After regulatory barriers, the next challenge is financial. Small homes are relatively expensive to build, and unless situated on owned land, offer little to no return on investment, so financers are unwilling to lend. In addition, small home designers have yet to prove that they can meet the diverse needs of residents at all life stages, or shift the attitudes of existing residents who see small homes as an inferior or low-quality form of housing. Our research participants have helped frame solutions to overcoming these barriers. These proposed solutions are captured in our Recommendations.
In brief, our Recommendations are to: advance the issue via research into and co-design of exemplar pilot projects; educate stakeholders to shift negative attitudes towards compact homes amongst builders, financers, regulators, and the wider community; undertake planning reform to permit tiny and compact homes to occupy space on appropriate properties; conduct research to determine actual demand for tiny and compact homes; and reduce costs, remove existing financial barriers, improve accessibility for buyers and renters on low incomes, and publicise the benefits of and demand for well-designed compact homes. To effect real and lasting change in the housing sector, these five Recommendations cannot be implemented in isolation, but must be actioned in combination, in a systemic and holistic way.
As Australia faces the dual crises of climate change and housing affordability, a radical shift is clearly needed if the housing sector is to provide an expanded choice of affordable, high-quality compact homes suitable for residents across their lifespan. This study provides an evidence base to inform the possible development of compact, affordable housing models. The findings are timely, given local councils in Victoria are now open to exploring innovative models for increasing the supply of affordable housing, and with passionate stakeholders eager to build a cluster of 6–12 compact homes in Geelong.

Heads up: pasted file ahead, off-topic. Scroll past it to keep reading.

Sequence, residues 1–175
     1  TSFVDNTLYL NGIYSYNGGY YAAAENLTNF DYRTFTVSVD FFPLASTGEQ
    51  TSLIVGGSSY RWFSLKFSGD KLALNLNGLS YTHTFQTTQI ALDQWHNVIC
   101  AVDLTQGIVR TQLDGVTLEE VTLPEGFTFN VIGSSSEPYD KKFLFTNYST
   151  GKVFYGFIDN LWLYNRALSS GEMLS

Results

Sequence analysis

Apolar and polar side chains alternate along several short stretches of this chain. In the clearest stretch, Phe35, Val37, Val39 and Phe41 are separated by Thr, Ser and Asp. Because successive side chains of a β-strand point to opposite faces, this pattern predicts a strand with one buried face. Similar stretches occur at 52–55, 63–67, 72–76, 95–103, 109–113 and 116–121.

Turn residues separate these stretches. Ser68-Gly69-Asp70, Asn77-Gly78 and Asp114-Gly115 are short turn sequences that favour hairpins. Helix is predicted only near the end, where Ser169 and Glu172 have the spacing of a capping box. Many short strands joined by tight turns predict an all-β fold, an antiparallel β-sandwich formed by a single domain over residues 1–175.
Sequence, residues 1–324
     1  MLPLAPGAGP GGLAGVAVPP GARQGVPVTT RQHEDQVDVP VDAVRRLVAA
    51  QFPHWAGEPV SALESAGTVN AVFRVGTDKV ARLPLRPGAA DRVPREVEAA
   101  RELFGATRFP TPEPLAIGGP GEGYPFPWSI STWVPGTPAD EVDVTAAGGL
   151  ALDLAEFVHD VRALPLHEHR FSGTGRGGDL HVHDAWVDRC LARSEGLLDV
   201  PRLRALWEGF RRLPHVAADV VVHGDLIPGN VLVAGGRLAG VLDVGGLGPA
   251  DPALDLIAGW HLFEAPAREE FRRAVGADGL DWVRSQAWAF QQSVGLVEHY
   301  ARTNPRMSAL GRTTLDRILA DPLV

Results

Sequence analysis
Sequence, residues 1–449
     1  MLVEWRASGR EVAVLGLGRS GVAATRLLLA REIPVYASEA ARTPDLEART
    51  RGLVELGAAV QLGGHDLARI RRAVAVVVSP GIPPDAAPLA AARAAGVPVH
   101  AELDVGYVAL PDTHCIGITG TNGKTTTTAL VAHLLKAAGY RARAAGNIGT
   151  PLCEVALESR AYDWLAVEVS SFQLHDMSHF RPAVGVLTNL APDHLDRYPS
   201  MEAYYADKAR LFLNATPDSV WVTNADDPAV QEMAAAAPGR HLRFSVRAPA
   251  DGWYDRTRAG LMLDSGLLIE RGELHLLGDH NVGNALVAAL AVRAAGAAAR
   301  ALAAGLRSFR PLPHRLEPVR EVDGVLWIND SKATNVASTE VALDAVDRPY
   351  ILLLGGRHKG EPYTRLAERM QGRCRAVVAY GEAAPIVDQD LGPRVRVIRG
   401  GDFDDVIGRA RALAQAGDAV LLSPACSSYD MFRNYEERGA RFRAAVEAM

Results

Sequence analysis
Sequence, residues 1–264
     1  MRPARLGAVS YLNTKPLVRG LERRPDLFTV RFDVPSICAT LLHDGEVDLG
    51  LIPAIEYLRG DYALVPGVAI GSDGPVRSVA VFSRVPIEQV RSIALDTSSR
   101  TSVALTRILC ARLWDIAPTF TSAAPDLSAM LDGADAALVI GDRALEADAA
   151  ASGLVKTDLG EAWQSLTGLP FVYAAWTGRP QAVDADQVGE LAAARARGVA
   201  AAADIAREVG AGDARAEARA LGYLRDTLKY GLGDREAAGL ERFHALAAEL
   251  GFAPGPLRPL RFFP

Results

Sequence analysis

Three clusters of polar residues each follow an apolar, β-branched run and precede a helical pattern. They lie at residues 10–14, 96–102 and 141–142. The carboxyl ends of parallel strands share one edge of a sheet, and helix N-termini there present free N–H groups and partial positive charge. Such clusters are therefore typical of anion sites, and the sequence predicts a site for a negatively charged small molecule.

The eventual aim is for the design, construction and evaluation of a place-based micro village that houses 6 to 12 residents in the Geelong region, demonstrating a comprehensive and harmonious integration of the village with the local community and environment. This would be a “living village” model able to evolve over time to support people as needed, thus providing an opportunity for residents to age in place. The flexibility in design allows the accommodation to be adapted to support different age groups and modes of mobility as required in the future. Ultimately, the aim is to develop a community that enables strong community connections, which in turn support positive health outcomes and social engagement for residents.
In line with the goals and ideals of the HOME Research Hub, our project team is partnering with MicroVillage Geelong, a taskforce of like-minded individuals supported by the efforts of Geelong Sustainability, who will provide insight and guidance throughout the process. For more information about the taskforce, or the efforts and collaboration from our funders, please refer to the following links:
ACCESS THE FULL REPORT HERE: Microvillage Final Report
ACCESS THE EXECUTIVE SUMMARY HERE: Microvillage Final Report – Executive Summary